A Volvo sports car is like a porno star wearing a condom: it makes perfect sense, and none at all. And yet, for reasons lost in the notes of a Ford strategy session gone bad, the brand best known for passenger fortification has developed an ongoing need to engage in protected sex appeal. Currently, the 300 horse S60R and V70R are the lead characters in this oxymoronic endeavor. Snicker if you must, but Volvo has publicly proclaimed that their R’s are suitable competition to BMW’s unassailable M3. Them’s fighting words!
On the face of it, the V70R wants to make love, not war. Despite distinct visual clues to its adrenal agenda– a lowered stance, aggressive grill, rear spoiler, twin exhaust tips and “R” badges– the basic design embodies the same mellow two box gestalt that won the hearts and minds of generations of New England grad students. In that sense, the V70R is as good an example of respectful evolution as Porsche’s 911 S; it’s slightly aggressive, thoroughly modern and instantly recognizable.
A non-sporting V70’s cabin rivals Audi and Lexus’ caverns for materials’ quality, subdued interior design and ergonomic excellence. That said, there are a few notable exceptions: the V70’s plastic disaster door handles, its Rubbermaid instrument cluster top, the “pleather” infecting the doors and a ho-hum shifter and steering wheel. And now the good news: the R model banishes ALL of these beancounted banes of pistonhead pride and joy.
While full leather interiors in $50k cars are as rare as raven-haired, sauna-aversive Swedes, the V70R goes hog wild for cow hide. Everything that looks like leather is, including the dash, airbag cover, door trim and parking brake boot. The R’s sports steering wheel blends a thick rim with excellent two position grips and well placed controls. Equally reassuring, the V70R’s seats envelop you in supple yet supportive leather, caressing your frame with side bolstering worthy of the mighty M3.
The V70R is powered a 2.5-liter five cylinder transverse-mounted mill stumping-up the aforementioned 300hp. The KKK turbo blows good fortune upon the V70R driver; maximum torque arrives early (295 ft. lbs. @ 1950 rpm) and stays for a late night slice of Västerbotten (5250 rpm). In less technical terms, the V70R offers more mid-range overtaking power than you’ll ever need, exactly when you need it. And you can pin the Labradors to the rear window, blasting from zero to sixty in 5.6 seconds.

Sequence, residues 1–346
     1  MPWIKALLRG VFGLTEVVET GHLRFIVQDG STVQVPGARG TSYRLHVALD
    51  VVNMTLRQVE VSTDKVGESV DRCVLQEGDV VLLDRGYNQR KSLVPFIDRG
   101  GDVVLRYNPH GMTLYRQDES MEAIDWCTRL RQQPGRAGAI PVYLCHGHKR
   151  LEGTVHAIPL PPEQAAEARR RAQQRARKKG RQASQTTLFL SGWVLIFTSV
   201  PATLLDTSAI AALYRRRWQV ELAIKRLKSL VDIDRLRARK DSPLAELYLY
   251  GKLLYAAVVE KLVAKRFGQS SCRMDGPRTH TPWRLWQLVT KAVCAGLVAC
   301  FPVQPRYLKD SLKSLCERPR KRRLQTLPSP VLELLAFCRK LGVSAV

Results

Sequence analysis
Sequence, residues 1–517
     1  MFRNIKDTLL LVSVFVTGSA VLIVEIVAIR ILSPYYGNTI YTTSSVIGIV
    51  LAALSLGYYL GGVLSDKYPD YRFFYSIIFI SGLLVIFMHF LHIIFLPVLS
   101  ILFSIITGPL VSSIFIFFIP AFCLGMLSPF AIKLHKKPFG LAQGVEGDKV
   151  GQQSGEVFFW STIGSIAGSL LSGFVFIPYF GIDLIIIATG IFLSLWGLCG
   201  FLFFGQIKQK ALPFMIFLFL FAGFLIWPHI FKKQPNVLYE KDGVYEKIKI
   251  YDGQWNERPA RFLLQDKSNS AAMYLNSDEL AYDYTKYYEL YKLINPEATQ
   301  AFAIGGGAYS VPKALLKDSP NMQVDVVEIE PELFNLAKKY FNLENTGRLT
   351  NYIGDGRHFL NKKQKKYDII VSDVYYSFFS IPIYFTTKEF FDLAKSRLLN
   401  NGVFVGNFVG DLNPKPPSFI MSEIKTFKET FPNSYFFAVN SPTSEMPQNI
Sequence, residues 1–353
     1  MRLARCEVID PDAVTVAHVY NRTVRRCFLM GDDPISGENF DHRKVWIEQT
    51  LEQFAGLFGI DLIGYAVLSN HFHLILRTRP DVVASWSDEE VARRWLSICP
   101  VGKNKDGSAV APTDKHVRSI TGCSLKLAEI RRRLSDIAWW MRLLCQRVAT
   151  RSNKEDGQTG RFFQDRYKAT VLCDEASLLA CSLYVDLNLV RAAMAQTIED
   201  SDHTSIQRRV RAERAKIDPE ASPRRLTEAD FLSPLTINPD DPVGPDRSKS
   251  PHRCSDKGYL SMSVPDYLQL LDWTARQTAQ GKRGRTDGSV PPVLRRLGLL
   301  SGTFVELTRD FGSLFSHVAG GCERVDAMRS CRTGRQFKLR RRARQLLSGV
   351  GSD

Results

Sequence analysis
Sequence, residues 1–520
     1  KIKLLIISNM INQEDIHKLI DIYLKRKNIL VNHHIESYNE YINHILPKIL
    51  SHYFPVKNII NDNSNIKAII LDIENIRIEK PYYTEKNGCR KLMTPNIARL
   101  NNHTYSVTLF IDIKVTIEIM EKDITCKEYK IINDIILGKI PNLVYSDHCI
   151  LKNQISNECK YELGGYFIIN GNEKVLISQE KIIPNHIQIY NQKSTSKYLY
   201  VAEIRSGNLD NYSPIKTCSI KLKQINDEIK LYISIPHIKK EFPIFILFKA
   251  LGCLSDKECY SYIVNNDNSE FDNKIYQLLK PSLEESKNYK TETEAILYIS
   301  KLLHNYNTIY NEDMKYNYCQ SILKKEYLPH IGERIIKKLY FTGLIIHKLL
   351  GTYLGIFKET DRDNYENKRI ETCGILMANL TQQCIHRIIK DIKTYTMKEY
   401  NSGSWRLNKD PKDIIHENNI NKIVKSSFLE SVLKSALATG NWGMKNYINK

This little feat arrives courtesy of the V70R’s combination of Haldex all wheel-drive, a DSTC (Dynamic Stability and Traction Control) handling Nanny and Volvo’s all new semi-active suspension. The V70R's trick Four-C (Continuously Controlled Chassis Concept) computes the wagon's longitudinal and lateral acceleration, body yaw, chassis and wheels’ vertical motion, engine torque and throttle position, degree of braking, steering wheel position and turn rate, and insurance coverage.
Damping forces are adjusted 500 times a second according to your choice of settings: Comfort, Sport or, intimidating enough, Advanced. Unlike the vast majority of these doo-hickeys, the V70R’s Four-C system offers discernible differences in ride and handling. Comfort mode is suitably squidgy, Sport stifles body roll and Advanced removes both your fillings and the high speed pucker factor.
Unfortunately, someone forgot to connect the Four-C system to the V70R’s steering rack. The wagon’s power assisted rack and pinion steering remains resolutely untweaked; the tiller is as numb [albeit accurate] as the regular family hauler’s helm. Thankfully, the same cannot be said of the V70R’s slick shifting and perfectly matched six speed gearbox — although the third pedal’s decidedly binary action prevents it from being a clutch player.
Extensive autobahn testing indicates that the V70R’s claimed zero to 60mph time is accurate (providing it’s cold enough for the turbo). The stated 155mph top speed is both attainable and effortless. And there’s no question: the V70R in Advanced mode will give the significantly shorter Audi S4 Avant a decent run for the money through all but the bandiest bends.
Here’s news: in a seeming rejection of Volvo’s safety shtick, the driver can switch off the V70R’s stability control system. Once disabled, truly determined full throttle application (after initial turn in) yields a smidgen of understeer. Due to the AWD, any desire to initiate a lurid rear wheel-drive tail slide is destined to remain unfulfilled. The V70R’s enormous Brembo brakes will gladly put a stop to such thoughts, repeatedly, without fade or drama.
While the V70R power and poise are an amazing not to say ridiculous achievement, the company’s claim that the wagon is an M3 rival is proof positive that the marketing guys had too much lutefisk that day. Anyway, who cares? The M3 is at least $10K more expensive and can’t haul half as much butt as the Swedish Ford.